by James Poulos | December 5, 2014 1:55 am
A piece of this year’s politics moving into 2015 is Gov. Jerry Brown’s tiff with the California Public Employees’ Retirement System. In particular, Brown remains steamed over CalPERS’ use of temporary pay to pad pensions. In a letter to CalPERS, he said the action “would improperly allow temporary pay resulting from short-term promotions to count towards workers’ pensions.”
Divisions on CalPERS’ Board of Administration, where Brown can count on allied appointees, opened around the controversy. Although Brown’s side in the controversy lost a close vote, plans have already been hatched for a rematch.
The bout has been a long time in coming. As summer turned to fall, Controller John Chiang took CalPERS to task for juicing up pensions while dishing them out at unsustainably high levels. Chiang was just elected state treasurer, so he will remain an ex officio member of the CalPERS board.
In late August, Brown tasked his team with doing all it could legally to prevent CalPERS from engaging in the pension spiking.
In that procedure, a public pension fund passes rules that allow pension levels to be adjusted significantly upward by taking temporary or exceptional kinds of work and pay into account. CalPERS had pushed the credibility of these measures to the breaking point, in effect securing special pension increases simply because employees did their jobs, such as librarians shelving books.
But Brown made a point to object only to CalPERS’ temporary pay rules, which allowed unique, fleeting raises for non-permanent work to be factored into pension setting.
By mid-September, Chiang had concluded that CalPERS’ pension spiking was unacceptable in theory, but unpunishable in practice. CalPERS’ “available resources” for spiking oversight, Chiang concluded, “limit its annual reviews to only 45, or 1.5 percent of the more than 3,000 reporting entities. At this current rate, pension spiking could go undetected for an extended period of time, as each reporting entity would be reviewed, at the earliest, every 66 years.”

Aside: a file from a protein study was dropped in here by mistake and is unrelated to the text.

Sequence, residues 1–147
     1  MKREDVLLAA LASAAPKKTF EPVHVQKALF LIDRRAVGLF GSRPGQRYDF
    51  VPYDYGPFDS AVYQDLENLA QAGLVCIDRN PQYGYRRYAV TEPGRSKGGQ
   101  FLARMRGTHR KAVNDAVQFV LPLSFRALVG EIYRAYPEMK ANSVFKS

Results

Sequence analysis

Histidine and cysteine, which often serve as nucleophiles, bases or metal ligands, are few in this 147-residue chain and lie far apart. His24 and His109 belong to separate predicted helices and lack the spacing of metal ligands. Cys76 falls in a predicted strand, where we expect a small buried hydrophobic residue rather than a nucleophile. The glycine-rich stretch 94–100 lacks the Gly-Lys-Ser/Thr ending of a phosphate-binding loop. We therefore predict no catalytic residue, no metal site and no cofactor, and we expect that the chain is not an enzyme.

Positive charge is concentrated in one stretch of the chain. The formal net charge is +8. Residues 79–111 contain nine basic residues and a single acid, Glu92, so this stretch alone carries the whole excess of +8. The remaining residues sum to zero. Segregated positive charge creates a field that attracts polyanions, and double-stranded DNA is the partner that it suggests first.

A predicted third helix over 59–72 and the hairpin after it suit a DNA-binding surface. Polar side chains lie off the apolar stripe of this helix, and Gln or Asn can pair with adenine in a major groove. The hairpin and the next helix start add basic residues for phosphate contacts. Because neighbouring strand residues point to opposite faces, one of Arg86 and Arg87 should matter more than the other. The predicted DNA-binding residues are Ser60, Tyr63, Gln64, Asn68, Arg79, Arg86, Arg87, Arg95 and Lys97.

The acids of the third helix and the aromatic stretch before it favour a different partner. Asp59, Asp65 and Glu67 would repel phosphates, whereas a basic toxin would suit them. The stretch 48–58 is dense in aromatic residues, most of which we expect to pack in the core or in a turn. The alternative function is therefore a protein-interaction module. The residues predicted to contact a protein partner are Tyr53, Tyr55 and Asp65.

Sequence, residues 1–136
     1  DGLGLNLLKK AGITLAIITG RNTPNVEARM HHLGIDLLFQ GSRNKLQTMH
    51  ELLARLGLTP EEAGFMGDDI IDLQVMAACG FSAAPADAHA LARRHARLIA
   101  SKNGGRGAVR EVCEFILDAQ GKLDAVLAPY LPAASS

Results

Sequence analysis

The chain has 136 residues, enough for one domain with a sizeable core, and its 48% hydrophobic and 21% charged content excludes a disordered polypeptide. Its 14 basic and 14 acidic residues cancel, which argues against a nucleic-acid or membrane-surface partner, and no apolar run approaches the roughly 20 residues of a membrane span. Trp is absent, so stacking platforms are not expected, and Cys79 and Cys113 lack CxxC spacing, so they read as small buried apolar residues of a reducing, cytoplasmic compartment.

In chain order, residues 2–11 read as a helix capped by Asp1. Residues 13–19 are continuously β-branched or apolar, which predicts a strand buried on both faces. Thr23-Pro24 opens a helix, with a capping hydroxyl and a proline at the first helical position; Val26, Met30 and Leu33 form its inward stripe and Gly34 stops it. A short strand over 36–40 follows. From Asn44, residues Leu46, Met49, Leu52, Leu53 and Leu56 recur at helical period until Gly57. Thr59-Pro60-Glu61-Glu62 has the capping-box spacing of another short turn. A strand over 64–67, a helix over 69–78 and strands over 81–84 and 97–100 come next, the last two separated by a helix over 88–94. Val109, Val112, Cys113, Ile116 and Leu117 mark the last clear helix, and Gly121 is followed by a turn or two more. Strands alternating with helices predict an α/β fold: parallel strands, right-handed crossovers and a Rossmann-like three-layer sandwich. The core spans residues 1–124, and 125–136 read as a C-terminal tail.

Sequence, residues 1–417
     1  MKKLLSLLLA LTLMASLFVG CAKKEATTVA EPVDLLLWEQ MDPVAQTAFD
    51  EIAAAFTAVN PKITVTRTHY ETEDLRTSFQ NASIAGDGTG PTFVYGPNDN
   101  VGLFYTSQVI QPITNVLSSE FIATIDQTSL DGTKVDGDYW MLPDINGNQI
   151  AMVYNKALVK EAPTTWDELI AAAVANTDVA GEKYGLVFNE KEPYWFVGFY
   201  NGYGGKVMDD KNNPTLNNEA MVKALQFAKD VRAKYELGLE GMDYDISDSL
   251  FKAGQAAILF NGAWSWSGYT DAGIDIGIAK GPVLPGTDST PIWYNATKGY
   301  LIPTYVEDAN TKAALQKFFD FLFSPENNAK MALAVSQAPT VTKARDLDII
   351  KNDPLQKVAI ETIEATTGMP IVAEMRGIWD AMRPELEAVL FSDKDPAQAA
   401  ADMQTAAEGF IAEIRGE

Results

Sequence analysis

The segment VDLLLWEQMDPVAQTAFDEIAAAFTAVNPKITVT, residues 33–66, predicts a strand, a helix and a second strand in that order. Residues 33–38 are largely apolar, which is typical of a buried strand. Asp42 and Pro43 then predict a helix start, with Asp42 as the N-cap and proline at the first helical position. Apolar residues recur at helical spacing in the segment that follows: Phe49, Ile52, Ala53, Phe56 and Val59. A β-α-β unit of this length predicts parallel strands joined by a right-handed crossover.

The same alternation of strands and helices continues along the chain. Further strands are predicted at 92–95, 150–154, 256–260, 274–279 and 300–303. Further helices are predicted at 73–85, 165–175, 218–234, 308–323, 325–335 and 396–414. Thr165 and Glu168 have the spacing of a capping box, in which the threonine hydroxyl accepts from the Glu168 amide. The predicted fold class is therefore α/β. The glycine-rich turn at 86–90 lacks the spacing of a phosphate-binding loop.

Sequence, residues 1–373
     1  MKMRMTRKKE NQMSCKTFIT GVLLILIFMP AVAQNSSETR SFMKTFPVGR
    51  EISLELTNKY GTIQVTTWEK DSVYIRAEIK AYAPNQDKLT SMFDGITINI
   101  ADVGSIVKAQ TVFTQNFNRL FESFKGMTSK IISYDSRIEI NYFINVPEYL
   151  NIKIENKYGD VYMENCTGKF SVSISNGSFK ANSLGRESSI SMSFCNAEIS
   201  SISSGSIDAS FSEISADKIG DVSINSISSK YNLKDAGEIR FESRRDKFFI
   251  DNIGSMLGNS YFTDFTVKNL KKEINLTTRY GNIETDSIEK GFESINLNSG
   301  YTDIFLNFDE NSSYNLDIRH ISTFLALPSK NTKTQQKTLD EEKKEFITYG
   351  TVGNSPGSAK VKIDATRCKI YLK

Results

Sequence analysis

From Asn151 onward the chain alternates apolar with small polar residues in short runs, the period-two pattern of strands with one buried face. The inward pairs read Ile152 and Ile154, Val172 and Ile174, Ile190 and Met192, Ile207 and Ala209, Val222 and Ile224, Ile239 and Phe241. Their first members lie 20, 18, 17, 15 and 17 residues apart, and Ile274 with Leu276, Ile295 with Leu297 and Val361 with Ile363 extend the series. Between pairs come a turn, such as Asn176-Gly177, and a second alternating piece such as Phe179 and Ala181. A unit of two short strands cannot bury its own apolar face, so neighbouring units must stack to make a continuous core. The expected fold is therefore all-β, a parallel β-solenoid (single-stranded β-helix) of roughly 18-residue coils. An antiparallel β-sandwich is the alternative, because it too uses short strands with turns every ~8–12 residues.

The task of auditing CalPERS’ shenanigans had to fall, in other words, to the Legislature.
As a matter of common sense, it was much more attractive for Brown to try to exercise oversight by reforming the rules CalPERS used to set pensions, instead of by pouring the state’s time and energy into auditing those rules after scores of changes went into effect.
That is why, as the Sacramento Bee reported, Brown’s appointees on the CalPERS board proceeded to force a vote on removing temporary pay from the fund’s cornucopia of pension-spiking sweeteners. Unfortunately for Brown, the vote failed, splitting 7-5 in favor of retaining the objectionable rule.
In an interview, state human resources head Richard Gillihan — a Brown ally on the board who voted against temporary-pay pension spiking — told the Bee that 2015 would offer another shot at reform. “What should or shouldn’t be included in final compensation is absolutely something that we think needs broader revisitation,” he said. “We hope to see that sooner rather than later.”
According to the fund’s website, “The CalPERS Board of Administration consists of 13 members — six elected ‘member representatives,’ three appointed representatives, and four ‘ex officio’ representatives. The elected candidates will serve a four-year term and represent active and retired members in all aspects of CalPERS’ business – including benefit and membership issues, and oversight and investment of Fund assets.”
But as the Bee observed, “The board’s composition will lean more heavily toward labor’s interests next year.” The Service Employees International Union shelled out some $250,000 to secure the election of incoming member Theresa Taylor.
Even though California taxpayers are on the hook for any CalPERS shortfall, they have no say in the six elected “member” representatives. Those representatives are chosen, according to CalPERS, by ballots “mailed to eligible, active state and public agency CalPERS members.”
A complication, however, has added further difficulties to the equation. September also saw the board approve the appointment of Ted Eliopoulos, former CalPERS senior investment officer for real estate, as its new chief investment officer.
That provoked the ire of J.J. Jelincic, a board member unable to vote against Eliopoulos because he was recused for being on leave. Jelincic told Pensions and Investments that Eliopoulos lacked “the temperament and management skills” needed for the job.
Pensions and Investments noted, “He said Mr. Eliopoulos relied 四人打麻将 too much on the advice of consultants, made the wrong decision to increase CalPERS’ exposure to riskier non-core real estate assets before the financial crisis, and played favorites with employees.”
The enmity has served to cloud Brown’s prospects even further for charting an effective course toward CalPERS reform.
Source URL: https://calwatchdog.com/2014/12/05/gov-brown-calpers-face-off-in-2015/
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